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This chapter is from the book

Context Coordinate System

When you work primarily in UIKit, the coordinate system starts at the top-left corner of the screen (0, 0) and extends to the right and down. In Quartz, the coordinate system starts at the bottom left of the screen.

Look at Figure 1-11. It depicts a square {20, 20, 40, 40} drawn in UIKit (left) and Quartz (right). In each case, the object begins 20 points off the origin. However, as you can see, that origin differs in each circumstance.

Figure 1-11

Figure 1-11 The UIKit origin (top left) is different from the Quartz origin (bottom left).

Which origin holds sway depends on how you created the context. If you built it using any of the UIKit functions, the origin is at the top left. If you used CGBitmapContextCreate(), the origin is at the bottom left.

Flipping Contexts

You can adjust Core Graphics contexts to use the UIKit origin. Listing 1-10 shows the code, which implements these steps:

  1. Push the CGContextRef onto the UIKit graphics stack.
  2. Flip the context vertically. You do this by building a transform that scales and translates the original context.
  3. Concatenate that transform to the context’s current transformation matrix (CTM). This adjusts the context’s coordinate system to mimic UIKit, letting you draw starting from the top-left corner.
  4. Perform any drawing operations using the new coordinate system.
  5. Pop the graphics stack.

You can work directly in Quartz without applying this coordinate workaround. Most UIKit developers, however, appreciate the ability to use a single system that matches drawing to familiar view placement tasks. Some developers create dual macros, defined to the same flipping function. This enables them to visually match a QUARTZ_ON request to a QUARTZ_OFF one. The routine doesn’t change, but a developer gains a sense of the current state for code inspection.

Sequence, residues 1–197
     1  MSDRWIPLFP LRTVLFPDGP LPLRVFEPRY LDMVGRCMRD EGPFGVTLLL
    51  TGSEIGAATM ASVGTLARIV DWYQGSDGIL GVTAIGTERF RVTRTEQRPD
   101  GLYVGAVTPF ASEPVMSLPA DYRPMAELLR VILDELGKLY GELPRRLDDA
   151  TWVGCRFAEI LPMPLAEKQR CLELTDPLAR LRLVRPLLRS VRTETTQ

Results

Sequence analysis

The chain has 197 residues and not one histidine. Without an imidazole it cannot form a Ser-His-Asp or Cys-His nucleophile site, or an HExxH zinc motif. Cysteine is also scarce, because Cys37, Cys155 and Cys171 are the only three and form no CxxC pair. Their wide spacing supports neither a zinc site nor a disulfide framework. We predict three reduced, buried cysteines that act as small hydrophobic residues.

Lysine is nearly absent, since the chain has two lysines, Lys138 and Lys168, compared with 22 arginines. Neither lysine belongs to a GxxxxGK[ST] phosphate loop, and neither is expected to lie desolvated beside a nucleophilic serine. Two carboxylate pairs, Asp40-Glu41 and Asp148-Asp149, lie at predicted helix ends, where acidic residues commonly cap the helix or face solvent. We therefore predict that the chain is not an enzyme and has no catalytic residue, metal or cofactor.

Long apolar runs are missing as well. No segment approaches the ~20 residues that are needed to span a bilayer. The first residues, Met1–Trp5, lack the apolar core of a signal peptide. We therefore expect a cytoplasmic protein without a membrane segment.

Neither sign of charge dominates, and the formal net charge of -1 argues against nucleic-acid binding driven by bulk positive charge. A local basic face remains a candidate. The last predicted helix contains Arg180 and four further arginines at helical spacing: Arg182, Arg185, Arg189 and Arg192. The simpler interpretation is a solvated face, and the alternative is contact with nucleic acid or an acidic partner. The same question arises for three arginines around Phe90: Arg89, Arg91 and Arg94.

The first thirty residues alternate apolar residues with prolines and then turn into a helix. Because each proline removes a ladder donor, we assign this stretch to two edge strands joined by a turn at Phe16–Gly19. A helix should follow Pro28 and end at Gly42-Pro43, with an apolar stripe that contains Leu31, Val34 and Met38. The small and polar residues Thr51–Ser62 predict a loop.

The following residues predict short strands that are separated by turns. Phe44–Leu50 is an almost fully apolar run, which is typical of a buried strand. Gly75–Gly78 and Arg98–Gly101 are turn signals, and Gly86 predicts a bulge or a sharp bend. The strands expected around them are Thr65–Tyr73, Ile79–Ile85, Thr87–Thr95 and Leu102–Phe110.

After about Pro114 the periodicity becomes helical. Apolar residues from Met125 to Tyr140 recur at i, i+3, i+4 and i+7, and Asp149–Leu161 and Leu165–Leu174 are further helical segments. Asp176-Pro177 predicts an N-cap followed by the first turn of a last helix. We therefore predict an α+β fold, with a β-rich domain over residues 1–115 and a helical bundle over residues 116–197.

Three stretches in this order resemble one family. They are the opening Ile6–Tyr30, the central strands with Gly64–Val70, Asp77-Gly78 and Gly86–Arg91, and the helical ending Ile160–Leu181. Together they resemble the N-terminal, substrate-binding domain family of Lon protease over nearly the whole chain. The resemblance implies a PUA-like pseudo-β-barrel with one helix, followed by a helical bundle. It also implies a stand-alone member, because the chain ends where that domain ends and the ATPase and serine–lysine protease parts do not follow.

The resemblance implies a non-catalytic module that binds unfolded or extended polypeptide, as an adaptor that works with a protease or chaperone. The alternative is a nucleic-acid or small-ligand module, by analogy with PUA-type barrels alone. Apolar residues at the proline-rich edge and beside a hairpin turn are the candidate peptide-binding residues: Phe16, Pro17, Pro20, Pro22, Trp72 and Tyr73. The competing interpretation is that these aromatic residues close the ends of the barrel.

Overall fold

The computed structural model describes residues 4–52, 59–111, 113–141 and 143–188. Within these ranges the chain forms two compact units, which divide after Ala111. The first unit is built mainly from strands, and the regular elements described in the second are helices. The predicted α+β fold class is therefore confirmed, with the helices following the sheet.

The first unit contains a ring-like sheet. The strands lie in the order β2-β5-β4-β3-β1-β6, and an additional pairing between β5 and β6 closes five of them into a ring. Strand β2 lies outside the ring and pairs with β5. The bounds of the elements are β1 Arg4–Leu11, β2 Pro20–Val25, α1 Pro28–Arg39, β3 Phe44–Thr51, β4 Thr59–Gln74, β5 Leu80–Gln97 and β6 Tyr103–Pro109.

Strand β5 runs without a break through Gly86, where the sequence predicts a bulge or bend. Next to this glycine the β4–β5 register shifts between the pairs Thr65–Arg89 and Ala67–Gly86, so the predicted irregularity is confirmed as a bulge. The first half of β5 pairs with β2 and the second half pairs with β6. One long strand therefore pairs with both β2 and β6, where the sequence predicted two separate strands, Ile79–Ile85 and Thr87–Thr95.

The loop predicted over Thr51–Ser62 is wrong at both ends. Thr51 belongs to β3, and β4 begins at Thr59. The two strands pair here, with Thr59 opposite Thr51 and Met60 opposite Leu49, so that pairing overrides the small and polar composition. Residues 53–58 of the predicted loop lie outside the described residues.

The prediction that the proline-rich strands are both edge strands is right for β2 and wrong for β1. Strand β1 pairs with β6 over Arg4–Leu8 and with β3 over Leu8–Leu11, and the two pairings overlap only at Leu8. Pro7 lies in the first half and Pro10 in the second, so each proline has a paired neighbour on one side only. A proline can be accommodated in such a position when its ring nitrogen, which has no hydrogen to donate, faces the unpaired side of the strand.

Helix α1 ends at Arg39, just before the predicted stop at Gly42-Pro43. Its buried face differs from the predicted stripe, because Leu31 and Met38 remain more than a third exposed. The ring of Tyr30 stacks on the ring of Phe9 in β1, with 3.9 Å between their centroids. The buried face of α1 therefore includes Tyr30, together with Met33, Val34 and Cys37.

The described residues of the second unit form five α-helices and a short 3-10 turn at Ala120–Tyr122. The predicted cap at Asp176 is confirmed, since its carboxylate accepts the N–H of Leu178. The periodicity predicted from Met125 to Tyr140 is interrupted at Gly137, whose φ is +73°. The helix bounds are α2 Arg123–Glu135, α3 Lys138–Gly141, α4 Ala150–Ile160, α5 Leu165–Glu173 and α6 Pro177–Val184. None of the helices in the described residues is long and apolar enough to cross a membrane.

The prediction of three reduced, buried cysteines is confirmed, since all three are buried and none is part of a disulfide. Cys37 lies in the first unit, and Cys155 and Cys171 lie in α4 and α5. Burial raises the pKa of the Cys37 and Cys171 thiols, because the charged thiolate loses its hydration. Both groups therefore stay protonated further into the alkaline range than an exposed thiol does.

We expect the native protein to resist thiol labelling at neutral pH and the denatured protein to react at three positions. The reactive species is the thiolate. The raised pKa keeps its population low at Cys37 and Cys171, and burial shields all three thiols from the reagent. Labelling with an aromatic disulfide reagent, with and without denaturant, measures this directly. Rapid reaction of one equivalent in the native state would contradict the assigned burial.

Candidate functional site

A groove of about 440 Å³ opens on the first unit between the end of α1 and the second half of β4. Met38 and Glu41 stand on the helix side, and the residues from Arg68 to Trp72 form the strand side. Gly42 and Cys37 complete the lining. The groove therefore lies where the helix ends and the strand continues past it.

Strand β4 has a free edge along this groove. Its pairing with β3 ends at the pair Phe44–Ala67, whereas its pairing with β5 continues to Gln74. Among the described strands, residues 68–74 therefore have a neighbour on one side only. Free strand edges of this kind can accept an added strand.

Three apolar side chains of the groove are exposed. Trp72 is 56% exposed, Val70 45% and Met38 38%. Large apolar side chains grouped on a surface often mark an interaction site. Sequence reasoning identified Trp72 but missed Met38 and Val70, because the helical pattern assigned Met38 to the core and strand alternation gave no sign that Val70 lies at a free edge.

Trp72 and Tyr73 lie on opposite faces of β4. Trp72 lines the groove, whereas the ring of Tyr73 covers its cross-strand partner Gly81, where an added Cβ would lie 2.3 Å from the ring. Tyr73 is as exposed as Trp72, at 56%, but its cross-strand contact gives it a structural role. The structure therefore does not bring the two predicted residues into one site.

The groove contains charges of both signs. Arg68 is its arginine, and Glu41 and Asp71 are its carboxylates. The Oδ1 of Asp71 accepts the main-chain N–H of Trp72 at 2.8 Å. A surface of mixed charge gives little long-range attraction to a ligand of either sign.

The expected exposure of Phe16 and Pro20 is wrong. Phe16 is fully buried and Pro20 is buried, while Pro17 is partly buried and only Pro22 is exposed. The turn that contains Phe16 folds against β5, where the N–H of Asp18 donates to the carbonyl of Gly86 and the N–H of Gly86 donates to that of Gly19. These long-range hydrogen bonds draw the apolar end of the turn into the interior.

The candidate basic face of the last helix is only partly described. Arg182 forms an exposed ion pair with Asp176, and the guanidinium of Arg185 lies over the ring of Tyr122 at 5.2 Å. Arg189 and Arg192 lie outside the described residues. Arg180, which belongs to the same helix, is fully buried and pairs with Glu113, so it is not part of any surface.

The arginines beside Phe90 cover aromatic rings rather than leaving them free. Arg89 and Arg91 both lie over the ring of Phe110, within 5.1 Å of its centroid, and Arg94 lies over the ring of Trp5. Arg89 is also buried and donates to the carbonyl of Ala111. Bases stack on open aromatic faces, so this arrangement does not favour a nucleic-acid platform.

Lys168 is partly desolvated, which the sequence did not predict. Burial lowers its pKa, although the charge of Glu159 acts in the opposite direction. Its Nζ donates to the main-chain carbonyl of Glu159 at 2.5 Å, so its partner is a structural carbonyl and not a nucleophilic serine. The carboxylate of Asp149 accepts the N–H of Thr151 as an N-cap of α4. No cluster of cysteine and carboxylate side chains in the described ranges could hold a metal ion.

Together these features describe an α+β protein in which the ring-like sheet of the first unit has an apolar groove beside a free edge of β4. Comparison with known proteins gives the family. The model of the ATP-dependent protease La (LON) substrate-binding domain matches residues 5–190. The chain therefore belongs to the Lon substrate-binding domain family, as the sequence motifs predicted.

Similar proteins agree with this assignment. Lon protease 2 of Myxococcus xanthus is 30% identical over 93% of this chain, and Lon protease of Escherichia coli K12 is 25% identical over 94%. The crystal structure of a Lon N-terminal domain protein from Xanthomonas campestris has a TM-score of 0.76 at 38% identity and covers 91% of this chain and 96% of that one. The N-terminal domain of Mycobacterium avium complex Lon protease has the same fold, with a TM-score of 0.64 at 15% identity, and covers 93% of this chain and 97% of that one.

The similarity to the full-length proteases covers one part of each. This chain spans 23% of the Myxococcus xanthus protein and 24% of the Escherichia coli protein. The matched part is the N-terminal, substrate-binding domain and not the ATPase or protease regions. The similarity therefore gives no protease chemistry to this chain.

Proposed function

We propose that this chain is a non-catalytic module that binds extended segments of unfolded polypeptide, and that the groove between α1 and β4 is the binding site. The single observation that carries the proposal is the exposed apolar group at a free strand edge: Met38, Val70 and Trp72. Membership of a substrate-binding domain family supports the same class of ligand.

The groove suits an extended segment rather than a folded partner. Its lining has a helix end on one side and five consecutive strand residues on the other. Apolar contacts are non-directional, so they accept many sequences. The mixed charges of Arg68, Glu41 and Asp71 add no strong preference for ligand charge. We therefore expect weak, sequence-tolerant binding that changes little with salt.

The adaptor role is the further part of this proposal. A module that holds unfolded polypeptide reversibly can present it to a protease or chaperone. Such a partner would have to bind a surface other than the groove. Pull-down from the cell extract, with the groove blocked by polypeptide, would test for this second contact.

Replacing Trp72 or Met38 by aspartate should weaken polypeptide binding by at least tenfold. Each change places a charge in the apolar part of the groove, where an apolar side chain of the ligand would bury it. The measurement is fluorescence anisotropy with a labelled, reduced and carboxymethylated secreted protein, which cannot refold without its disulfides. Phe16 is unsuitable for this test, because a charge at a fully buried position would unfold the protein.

Listing 1-10 contains a secondary flipping routine, one that does not require you to supply a context size in points. Quite honestly, it’s a bit of a hack, but it does work because the image it retrieves will use the same size and scale as the context.

You can also retrieve a context’s size by calling CGBitmapContextGetHeight() and CGBitmapContextGetWidth() and dividing the number of pixels these functions return by the screen scale. This assumes that you’re working with a bitmap context of some kind (like the one created by UIGraphicsBeginImageContextWithOptions()) and that you’re matching the screen’s scale in that context.

Listing 1-10 Adjusting Coordinate Origins

// Flip context by supplying the size
void FlipContextVertically(CGSize size)
    CGContextRef context = UIGraphicsGetCurrentContext();
    if (context == NULL)
        NSLog(@"Error: No context to flip");
    CGAffineTransform transform = CGAffineTransformIdentity;
    transform = CGAffineTransformScale(transform, 1.0f, -1.0f);
    transform = CGAffineTransformTranslate(transform, 0.0f, -size.height);
    CGContextConcatCTM(context, transform);

// Flip context by retrieving image
void FlipImageContextVertically()
    CGContextRef context = UIGraphicsGetCurrentContext();
    if (context == NULL)
        NSLog(@"Error: No context to flip");
    UIImage *image =

// Query context for size and use screen scale
// to map from Quartz pixels to UIKit points
CGSize GetUIKitContextSize()
    CGContextRef context =
    if (context == NULL) return CGSizeZero;
    CGSize size = CGSizeMake(
    CGFloat scale = [UIScreen mainScreen].scale;
    return CGSizeMake(
        size.width / scale, size.height / scale);

// Initialize the UIKit context stack

// Flip the context vertically

// Draw the test rectangle. It will now use the UIKit origin
// instead of the Quartz origin.
CGRect testRect = CGRectMake(20, 20, 40, 40);
UIBezierPath *path = [UIBezierPath bezierPathWithRect:testRect];
[greenColor set];
[path fill];

// Pop the context stack
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